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My old theoretical physics professor used to say that (already) (special?) relativity shows that "the future is not predictable". Any ideas how this should be interpreted?

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The interpretation is split: either that Professor was really very old or You do not remember correctly, because You are very old meanwhile. :=) –  Georg Dec 5 '11 at 15:39
    
Well, it is indeed some time since I was in his lectures.. but I heard him reiterating the comment without explanation just last week in a public lecture and although he is retired now he did not seem completely out of his mind...;) –  corto Dec 5 '11 at 15:57
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Are You shure that he speakes about relativity? Or did he say quantum theory? –  Georg Dec 5 '11 at 16:03
    
The statement is about classical, non-quantum predictability. –  corto Dec 5 '11 at 16:06
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2 Answers 2

up vote 4 down vote accepted

Unpredictability and special relativity can come from the fact that objects that are at a space like separation from us can influence our future like cone.

For example, if Alpha Centauri exploded in a supernova right "now" in our reference frame, we would not know about it for 4 years since that star is 4 light years away from us. So we can not now predict that 4 years from now we will be hit with the supernova blast wave.

As @Arnoques succintcly put in his comment, to predict an event in our future light cone, the entire past light cone of that event would need to be known and that would include events that are outside our present light cone.

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Well, the same goes for Newtonian mechanics. You need to know the starting state for all the universe. In special relativity you need to know the "starting" state of all the past light cone of the future space-time point you want to predict. –  Arnoques Dec 5 '11 at 18:00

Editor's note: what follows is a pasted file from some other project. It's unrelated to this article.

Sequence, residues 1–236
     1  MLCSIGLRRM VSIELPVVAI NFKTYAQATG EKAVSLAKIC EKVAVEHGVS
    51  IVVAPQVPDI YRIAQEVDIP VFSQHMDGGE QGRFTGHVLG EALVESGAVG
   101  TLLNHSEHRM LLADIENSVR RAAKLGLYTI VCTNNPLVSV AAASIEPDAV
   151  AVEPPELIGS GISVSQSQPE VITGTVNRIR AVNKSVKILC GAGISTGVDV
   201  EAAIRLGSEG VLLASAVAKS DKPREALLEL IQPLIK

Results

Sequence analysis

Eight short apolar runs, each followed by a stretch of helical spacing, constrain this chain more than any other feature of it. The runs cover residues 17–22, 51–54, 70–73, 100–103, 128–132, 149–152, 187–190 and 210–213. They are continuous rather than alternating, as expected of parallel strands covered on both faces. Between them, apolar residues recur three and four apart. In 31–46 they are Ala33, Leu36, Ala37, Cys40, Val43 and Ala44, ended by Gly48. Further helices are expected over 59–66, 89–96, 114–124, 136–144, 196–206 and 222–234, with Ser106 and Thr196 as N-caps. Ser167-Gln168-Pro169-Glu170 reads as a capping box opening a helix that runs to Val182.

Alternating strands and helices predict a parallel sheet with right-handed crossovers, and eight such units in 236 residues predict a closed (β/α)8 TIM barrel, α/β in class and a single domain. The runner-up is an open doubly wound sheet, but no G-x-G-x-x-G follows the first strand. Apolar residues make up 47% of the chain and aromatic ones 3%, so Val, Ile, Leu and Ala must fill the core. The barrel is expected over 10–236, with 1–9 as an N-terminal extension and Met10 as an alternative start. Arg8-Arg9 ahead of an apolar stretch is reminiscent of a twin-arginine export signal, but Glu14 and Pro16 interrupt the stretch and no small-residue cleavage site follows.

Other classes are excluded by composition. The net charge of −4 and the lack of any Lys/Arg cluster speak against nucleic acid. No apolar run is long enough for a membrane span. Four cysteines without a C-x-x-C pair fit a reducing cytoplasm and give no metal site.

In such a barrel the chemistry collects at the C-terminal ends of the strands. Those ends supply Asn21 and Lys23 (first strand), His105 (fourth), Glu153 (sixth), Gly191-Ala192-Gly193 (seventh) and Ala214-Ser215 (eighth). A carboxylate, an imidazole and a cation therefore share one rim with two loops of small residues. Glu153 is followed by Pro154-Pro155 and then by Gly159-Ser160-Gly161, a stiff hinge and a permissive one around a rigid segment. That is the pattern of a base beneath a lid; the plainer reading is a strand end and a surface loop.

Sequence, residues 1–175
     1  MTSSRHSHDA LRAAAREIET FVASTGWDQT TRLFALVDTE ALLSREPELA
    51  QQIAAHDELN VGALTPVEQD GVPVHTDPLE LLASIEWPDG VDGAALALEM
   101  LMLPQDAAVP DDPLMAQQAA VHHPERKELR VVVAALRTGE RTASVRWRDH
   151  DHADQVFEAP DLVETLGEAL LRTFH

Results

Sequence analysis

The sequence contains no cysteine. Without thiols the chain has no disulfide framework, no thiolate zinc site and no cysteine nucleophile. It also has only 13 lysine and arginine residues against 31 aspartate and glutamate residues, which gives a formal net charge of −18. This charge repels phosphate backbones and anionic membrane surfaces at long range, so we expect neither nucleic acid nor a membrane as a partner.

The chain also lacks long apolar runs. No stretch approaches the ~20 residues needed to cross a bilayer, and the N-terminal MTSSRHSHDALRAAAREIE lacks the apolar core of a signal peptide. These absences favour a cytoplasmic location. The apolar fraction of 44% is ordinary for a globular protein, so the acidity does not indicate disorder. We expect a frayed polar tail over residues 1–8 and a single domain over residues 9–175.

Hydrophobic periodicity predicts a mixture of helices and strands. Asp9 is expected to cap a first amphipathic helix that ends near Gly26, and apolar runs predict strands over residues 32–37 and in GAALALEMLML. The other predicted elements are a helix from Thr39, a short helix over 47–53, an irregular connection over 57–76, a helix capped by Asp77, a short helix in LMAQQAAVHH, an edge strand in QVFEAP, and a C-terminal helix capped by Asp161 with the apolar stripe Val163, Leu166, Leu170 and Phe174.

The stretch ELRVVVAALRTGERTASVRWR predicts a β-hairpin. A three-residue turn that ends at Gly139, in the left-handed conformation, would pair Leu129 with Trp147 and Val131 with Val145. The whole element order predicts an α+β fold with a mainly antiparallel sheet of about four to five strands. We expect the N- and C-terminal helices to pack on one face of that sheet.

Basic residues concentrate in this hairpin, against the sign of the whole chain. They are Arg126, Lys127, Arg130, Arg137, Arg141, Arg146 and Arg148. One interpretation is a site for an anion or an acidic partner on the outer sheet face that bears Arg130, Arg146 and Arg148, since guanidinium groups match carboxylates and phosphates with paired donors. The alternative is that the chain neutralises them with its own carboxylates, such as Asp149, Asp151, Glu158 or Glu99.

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@arnoques - The difference is that in Newtonian mechanics it was possible to know the state of the entire universe now since there was no "speed limit". A powerful enough rocket could leave the star just at the time of the supernova and get to earth way before the light of the supernova - and thus we could predict when the supernova light would hit us. –  FrankH Dec 5 '11 at 18:55
    
Oh! I think I get it now. To predict an event in the future you need to know the initial state of all the past light cone of that event, but that includes some events that are out of my present lightcone, so I can't learn about them. You are completely right! –  Arnoques Dec 5 '11 at 23:25
    
I think you are right. The first answer is probably also right, but, I guess, too technical to have been meant. –  corto Dec 6 '11 at 13:03
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The "(already)" in brackets in the question suggests that the statement is about classical (non quantum) predictability. Given that, I would guess that the unpredictability your prof is talking about is the unpredictability that comes along with general relativity due to the singularity theorems.

These theorems hold provided certain "reasonable" conditions apply. There are lots of technicalities in setting up the statement of the singularity theorems, but basically you end up proving that certain geodesics (the world lines followed by particles in free fall under gravity) cannot be extended indefinitely. Effectively, spacetime just “ends” for particles following these incomplete geodesics hence predictability breaks down.

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+1: I think you are right about what he meant, although to be complete, one should say that there is no real solid evidence that timelike geodesics end on singularities in generic spinning/charged solutions, and further, the loss of predictability is confined to black hole interiors. –  Ron Maimon Dec 5 '11 at 19:25
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